The Significance of Jeep Tag: On Player-Imposed Rules in Video Games

  • Felan Parker Carleton University

Abstract

Video games, unlike traditional, non-digital games, are based on a combination of fixed rules which cannot be broken from the player position, and implied rules which are not enforced by the computer program. It is relatively common, however, for players to impose additional or alternative rules on video games, in order to refine or expand game play and to create new gaming experiences. This paper considers the implications of this phenomenon, dubbed ‘expansive gameplay’, in context of video game studies and design. How does the existence of expansive gameplay help us to situate video games in relation to traditional games? To what extent is this phenomenon indicative of the ways in which players engage with video games? By theorizing expansive game play as a demonstrative example of the active, experimental, and exploratory nature of game play more generally, this paper endeavours to open further discussion about the relationships between players and the rule-based systems which constitute video games.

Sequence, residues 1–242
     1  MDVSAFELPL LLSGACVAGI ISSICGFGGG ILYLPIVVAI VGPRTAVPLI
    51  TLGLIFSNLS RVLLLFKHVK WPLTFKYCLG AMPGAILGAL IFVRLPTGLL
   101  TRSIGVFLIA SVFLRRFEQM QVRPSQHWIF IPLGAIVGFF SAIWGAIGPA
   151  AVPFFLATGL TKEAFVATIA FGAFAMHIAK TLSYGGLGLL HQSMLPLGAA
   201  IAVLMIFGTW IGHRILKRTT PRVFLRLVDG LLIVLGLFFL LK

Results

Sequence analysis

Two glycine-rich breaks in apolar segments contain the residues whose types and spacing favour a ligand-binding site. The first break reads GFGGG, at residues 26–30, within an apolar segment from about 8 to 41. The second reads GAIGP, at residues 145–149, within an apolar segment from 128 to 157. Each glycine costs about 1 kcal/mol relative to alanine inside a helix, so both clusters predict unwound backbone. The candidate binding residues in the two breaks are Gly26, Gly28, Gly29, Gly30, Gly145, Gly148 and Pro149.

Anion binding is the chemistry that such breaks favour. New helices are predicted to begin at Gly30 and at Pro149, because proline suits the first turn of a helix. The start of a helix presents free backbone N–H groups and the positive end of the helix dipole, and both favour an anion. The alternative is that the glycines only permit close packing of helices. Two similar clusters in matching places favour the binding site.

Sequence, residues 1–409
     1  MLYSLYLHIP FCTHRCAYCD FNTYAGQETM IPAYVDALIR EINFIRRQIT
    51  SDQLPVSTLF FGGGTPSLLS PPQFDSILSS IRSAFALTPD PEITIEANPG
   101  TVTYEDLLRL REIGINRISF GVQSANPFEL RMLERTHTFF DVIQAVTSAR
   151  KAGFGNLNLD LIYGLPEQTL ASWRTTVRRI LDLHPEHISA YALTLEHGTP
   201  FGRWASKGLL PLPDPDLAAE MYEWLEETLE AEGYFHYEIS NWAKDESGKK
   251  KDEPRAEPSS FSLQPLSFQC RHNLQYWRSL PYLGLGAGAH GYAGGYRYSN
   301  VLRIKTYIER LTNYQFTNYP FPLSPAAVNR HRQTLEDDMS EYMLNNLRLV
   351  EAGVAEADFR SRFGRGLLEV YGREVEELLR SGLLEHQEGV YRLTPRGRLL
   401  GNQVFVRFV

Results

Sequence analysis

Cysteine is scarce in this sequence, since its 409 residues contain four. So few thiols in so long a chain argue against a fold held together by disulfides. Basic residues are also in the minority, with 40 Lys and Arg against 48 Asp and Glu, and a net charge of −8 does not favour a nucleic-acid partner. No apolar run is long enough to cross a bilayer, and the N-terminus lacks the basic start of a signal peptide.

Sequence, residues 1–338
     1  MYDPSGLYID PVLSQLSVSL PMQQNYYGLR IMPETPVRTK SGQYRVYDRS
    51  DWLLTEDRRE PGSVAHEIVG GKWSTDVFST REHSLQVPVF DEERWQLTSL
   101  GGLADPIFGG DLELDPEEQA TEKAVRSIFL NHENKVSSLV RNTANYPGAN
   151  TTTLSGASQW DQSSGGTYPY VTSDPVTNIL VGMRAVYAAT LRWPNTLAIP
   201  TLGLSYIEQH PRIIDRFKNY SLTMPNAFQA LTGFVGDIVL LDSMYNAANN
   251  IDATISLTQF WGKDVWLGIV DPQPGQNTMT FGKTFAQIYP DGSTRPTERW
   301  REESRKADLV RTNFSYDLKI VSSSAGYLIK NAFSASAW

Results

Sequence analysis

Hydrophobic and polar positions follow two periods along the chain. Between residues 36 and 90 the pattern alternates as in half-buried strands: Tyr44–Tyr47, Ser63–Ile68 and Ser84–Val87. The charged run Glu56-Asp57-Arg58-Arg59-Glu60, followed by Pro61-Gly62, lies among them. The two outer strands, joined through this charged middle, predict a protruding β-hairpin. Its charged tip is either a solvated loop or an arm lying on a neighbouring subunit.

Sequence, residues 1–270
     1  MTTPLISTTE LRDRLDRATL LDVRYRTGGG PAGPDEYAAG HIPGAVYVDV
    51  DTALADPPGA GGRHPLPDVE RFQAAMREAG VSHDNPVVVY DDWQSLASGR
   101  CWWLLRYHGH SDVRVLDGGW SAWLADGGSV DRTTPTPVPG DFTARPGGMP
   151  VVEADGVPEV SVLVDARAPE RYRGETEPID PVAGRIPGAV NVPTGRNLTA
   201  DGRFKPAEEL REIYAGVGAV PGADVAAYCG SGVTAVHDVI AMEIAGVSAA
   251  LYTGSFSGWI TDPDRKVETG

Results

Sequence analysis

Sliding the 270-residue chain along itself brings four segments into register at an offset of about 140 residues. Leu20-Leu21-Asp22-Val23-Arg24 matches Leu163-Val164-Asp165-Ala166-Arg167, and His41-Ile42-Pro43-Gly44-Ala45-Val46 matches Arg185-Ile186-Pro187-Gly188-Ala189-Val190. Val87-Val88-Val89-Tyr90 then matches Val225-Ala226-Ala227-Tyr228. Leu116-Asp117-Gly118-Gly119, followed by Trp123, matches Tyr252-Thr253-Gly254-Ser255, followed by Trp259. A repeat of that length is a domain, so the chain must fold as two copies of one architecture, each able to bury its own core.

Author Biography

Felan Parker, Carleton University
Felan Parker is an MA candidate in Film Studies at Carleton University. His research interests include contemporary Hollywood, industry studies, film marketing, franchise films, genre studies, popular comic books, aesthetic theory and philosophy, and video game studies.
Published
2008-11-11
Section
Articles